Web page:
It was reported in the media that Ashwani Khud, which supplies water to one-third of Shimla's population, is highly contaminated. Media reports suggested that sewage mixed with the drinking water was being supplied to the residents, which has created an epidemic-like situation in the town. Taking serious note of supply of contaminated water in Shimla, the Himachal Pradesh High Court has issued notice to the state.
It directed the chief secretary, the principal secretary (irrigation and public health), the principal secretary (health) and the municipal commissioner to be present in the court on Tuesday, January 5, 2015.
‘The people of Shimla town do not have access to clean drinking water and are falling prey to many waterborne diseases. Taking note of this epidemic-like situation in the town, the Himachal Pradesh High Court has issued notice to the state officials.’
AdvertisementA division bench comprising Chief Justice Mansoor Ahmad Mir and Justice Tarlok Singh Chauhan, which treated media reports regarding supply of contaminated water as a public interest litigation, passed the order.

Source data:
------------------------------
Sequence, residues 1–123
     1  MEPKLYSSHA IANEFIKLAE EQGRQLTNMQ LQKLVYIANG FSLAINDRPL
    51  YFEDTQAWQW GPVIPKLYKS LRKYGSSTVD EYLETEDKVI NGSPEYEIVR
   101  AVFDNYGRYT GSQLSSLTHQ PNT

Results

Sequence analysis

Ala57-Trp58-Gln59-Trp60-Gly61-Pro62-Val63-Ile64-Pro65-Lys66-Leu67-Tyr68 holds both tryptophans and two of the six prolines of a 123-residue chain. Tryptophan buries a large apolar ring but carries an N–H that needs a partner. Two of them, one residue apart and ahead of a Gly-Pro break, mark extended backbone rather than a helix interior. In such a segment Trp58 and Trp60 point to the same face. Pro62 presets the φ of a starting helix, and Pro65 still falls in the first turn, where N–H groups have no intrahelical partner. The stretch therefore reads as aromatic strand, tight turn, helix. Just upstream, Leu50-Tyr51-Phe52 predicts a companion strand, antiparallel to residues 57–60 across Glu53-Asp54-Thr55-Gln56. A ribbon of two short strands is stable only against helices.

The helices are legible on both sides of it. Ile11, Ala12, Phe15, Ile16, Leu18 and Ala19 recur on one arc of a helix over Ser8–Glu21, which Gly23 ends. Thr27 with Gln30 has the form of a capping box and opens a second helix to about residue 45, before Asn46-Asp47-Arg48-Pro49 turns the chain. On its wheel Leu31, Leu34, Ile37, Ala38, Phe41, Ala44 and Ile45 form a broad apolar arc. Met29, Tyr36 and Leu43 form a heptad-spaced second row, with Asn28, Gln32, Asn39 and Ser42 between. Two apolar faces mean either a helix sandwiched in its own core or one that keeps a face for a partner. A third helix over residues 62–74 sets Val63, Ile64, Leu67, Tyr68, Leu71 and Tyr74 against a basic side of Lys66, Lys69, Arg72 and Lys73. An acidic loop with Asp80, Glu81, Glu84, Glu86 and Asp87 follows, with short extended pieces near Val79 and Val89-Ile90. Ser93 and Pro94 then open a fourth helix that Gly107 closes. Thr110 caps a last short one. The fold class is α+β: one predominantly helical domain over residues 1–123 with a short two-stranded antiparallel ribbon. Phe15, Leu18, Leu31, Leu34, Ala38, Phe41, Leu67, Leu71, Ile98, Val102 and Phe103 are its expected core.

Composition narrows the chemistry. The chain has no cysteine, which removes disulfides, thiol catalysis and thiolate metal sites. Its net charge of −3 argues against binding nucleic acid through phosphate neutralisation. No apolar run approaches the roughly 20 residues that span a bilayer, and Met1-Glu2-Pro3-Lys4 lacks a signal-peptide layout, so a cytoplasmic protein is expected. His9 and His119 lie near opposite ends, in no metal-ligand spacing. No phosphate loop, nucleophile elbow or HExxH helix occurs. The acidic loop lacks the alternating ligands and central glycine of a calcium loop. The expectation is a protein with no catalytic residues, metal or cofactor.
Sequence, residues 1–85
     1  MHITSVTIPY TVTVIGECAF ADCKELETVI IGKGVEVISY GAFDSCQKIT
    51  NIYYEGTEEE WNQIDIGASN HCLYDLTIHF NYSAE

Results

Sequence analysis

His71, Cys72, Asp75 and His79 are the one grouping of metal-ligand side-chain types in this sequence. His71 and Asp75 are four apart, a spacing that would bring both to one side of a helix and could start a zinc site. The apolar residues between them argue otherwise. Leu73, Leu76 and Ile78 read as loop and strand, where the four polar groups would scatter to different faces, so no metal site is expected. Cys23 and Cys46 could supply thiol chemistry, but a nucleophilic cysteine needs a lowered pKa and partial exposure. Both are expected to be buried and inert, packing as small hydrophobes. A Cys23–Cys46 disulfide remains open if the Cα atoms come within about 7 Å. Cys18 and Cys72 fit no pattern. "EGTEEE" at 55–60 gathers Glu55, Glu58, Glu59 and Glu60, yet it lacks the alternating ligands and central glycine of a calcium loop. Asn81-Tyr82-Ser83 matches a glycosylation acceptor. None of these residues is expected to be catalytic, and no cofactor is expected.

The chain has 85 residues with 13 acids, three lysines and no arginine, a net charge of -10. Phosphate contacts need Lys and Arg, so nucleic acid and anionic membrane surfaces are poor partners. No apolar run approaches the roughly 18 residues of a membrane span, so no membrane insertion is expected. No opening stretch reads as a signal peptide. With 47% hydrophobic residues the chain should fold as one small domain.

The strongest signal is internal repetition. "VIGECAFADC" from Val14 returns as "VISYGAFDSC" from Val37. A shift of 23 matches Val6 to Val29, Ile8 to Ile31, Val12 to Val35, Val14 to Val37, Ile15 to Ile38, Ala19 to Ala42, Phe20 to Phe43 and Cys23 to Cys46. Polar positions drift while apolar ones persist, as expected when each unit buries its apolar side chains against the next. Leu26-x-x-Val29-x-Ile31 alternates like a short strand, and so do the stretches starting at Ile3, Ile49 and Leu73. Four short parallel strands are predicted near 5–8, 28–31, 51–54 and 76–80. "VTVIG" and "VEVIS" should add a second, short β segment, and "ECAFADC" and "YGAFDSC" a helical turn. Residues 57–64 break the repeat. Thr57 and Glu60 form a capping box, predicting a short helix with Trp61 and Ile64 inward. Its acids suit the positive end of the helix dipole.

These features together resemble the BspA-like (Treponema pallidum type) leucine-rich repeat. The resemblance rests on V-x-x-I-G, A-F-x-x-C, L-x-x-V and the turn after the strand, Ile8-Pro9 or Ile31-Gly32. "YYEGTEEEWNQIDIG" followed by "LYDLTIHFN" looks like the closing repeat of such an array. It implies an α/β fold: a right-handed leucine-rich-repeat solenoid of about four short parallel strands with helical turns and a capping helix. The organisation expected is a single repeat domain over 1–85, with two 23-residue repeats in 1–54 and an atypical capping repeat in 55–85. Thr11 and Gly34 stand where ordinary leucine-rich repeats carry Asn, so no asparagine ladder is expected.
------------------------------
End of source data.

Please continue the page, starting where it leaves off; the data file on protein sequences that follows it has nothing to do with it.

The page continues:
During the hearing, it was observed by the court that drinking water is one of the basic necessities for the people.
"Because of the apathy on the part of the authorities concerned, the people of Shimla town do not have access to clean drinking water and are falling prey to many waterborne diseases," observed the court.
"Unscientific disposal of sewage and solid waste is threatening the pristine environment and water sources of Shimla," said an official.
Quoting last year's observations of the Comptroller and Auditor General that highlights the inadequacies of the Shimla Municipal Corporation, he said, "Just 13% of the sewage generated in Shimla is treated and the rest is left in the open - despite Rs. 74 crore ($12 million) being spent for installing six treatment plants."
Planned for a maximum population of 16,000, Shimla is home to 170,000 people as per the 2011 census and generates 30.09 million liters per day (MLD) of sewage.
The CAG said, "The utilization of six sewerage treatment plants was only 4.8 MLD (13%) against the installed capacity of 35.63 MLD."
Worn-out sewers and non-existence of a sewerage network are the main reasons for non-tapping of sewage.